#93 – New Herd Immunity ?

Democracy Unchained

Alexis de Tocqueville was a French aristocrat and the author of a book that every American should read. Democracy in America was the result of his work for the French government. In 1831 he was sent to the U.S. to inspect the prison systems, but he used his nine-month trip to study all aspects of American life. His study became the first volume in 1835 and the second volume five years later, in 1840.

Tocqueville’s genius was in his ability to recognize the inherent dangers of American democratic tendencies. He accepted American democracy but was skeptical of what this modern democratic nation-state may become. Tocqueville’s study in America’s social science examines the virtues of democracy and its vices.  

Tyranny of the Majority

Of particular concern is what Tocqueville calls the “tyranny of the majority.” In a democracy, the majority tends to suppress the interests and opinions of the minority. In effect, the tyranny of the majority tramples on the rights and interests of the minority. 

Tocqueville worried about the potential of such a sinister tyranny when exercised over thoughts and opinions. Tocqueville points at political correctness as an example of this danger. He warns that those that protest will be isolated and afraid to speak or think because of the influence of the majority. 

Today, social issues dominate the ether. Activists, usually university-educated with an unhealthy focus on equality, have seized control of the airwaves. With dreams of racial justice and agendas related to race, gender, sexuality, and a host of other issues, cancel criticism and levy personal attacks on the infidel.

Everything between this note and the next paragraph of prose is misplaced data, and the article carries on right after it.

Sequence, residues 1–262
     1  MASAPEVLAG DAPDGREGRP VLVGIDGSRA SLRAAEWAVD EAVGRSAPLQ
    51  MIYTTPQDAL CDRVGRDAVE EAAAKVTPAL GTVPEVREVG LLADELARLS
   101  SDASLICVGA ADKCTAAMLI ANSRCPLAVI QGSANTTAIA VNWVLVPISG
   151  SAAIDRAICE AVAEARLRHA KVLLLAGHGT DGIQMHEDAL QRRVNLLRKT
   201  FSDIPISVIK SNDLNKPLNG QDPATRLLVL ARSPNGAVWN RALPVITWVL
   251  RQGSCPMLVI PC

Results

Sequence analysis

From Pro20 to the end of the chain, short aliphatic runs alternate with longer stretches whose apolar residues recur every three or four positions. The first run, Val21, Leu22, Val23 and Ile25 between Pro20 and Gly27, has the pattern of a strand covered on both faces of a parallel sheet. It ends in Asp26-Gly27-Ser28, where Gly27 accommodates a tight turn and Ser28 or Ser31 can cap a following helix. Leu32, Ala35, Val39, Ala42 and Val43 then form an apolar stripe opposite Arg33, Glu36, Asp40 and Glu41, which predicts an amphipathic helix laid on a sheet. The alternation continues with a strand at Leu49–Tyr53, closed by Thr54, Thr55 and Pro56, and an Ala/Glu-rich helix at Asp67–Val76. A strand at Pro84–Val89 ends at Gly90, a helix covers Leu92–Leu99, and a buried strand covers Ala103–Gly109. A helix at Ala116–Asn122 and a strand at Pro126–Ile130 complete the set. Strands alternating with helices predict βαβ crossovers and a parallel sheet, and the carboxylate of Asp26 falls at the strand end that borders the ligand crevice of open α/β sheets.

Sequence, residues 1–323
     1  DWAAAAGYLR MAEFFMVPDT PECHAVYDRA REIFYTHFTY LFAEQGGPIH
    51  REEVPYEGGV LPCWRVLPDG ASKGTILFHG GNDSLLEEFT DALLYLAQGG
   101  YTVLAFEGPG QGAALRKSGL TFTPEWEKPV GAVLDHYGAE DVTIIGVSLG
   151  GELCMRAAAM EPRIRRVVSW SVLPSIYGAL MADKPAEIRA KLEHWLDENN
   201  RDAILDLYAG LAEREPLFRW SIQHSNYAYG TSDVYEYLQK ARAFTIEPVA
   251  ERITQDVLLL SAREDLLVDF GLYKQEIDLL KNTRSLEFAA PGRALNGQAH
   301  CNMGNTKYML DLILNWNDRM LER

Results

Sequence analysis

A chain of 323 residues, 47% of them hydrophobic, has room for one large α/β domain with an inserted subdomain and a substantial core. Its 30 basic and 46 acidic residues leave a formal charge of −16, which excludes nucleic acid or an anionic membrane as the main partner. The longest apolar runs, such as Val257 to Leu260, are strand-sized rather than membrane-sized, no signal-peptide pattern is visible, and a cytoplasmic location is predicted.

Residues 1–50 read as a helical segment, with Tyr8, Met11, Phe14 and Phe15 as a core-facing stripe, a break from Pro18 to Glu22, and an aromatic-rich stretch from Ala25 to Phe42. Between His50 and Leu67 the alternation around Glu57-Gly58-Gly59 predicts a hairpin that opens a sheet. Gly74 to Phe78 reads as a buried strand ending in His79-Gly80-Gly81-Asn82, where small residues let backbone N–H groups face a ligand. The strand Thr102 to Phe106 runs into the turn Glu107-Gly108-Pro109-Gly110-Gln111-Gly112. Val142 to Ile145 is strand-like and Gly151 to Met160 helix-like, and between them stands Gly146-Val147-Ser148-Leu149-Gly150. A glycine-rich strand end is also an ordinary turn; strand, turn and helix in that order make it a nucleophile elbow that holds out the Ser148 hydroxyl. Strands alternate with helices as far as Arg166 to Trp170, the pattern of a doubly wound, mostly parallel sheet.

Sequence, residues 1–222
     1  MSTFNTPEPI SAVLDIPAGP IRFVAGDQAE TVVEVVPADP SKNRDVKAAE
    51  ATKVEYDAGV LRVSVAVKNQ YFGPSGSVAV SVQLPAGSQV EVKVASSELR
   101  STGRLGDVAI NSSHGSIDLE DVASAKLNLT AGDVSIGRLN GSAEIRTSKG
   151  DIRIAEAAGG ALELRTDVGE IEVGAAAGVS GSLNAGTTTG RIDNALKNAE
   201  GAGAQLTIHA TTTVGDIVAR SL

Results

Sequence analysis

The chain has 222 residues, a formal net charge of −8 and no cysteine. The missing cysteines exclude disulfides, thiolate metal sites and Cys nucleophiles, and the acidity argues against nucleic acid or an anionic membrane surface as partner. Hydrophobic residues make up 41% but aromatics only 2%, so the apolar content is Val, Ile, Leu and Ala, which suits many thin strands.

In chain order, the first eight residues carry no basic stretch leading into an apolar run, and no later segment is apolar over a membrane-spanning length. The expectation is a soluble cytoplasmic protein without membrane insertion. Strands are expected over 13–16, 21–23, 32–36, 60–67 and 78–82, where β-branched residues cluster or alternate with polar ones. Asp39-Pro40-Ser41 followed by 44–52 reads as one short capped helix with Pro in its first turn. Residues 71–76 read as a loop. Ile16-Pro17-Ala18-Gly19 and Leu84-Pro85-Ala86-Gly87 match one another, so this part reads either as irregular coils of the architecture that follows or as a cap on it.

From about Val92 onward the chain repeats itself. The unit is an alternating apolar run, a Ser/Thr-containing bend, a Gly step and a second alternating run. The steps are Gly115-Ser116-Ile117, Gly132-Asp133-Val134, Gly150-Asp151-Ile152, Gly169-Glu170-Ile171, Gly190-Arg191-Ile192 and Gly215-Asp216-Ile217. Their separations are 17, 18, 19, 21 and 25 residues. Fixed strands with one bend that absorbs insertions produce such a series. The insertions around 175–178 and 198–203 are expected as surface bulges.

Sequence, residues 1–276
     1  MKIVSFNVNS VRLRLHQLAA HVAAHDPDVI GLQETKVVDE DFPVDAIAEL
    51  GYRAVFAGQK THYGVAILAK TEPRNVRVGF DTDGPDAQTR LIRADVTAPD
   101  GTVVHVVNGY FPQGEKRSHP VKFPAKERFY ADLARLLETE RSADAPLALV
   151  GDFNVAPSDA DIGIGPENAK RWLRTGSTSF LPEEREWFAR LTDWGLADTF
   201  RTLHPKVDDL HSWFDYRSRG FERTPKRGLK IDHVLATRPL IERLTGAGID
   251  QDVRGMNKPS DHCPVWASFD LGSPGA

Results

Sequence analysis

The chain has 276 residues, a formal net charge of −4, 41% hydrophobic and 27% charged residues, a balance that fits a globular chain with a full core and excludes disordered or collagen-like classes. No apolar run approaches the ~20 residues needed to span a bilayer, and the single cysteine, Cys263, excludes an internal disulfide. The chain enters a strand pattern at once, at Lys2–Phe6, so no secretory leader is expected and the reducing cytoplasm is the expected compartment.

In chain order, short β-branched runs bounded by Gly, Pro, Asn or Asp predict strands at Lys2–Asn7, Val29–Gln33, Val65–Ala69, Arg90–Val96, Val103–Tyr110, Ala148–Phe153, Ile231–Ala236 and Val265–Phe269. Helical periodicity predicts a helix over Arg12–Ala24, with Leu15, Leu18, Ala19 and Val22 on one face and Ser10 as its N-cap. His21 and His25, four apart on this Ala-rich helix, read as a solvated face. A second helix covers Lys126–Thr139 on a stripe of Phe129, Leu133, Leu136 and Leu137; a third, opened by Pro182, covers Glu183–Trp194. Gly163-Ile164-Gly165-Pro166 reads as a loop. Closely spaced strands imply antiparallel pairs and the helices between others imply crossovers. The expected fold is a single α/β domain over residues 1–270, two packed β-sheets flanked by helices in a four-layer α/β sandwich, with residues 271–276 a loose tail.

This social outcasting has dismantled individual opinion and choice. Any divergence from groupthink becomes intolerable as all substance in dissent is lost. The result is that vetted politically acceptable thought becomes shallow, simplistic dogmas.  

Love of Equality

Tocqueville argues that in a democratic country, the love of equality becomes a passion that tends to override the love of liberty. The more equal and alike men become, the more they are bothered by inequalities the equality of opportunity becomes extinct.

The love of equality is so strong that men will readily sacrifice their freedom to achieve it. As Tocqueville puts it, democracy awakens “a depraved taste for equality in the human heart … that reduces men to preferring equality in servitude to inequality in freedom.” With this, Tocqueville predicted that the ardent love of equality leads to socialism and the rise of a new despotism.

A New Despotism

Tocqueville describes this new type of despotism as “an innumerable crowd of like and equal men procuring the small and vulgar pleasures with which they fill their souls. An immense tutelary power takes charge of assuring their enjoyments and watching over their fate. An absolute paternal power motivated not to prepare men for manhood, but on the contrary in childhood.”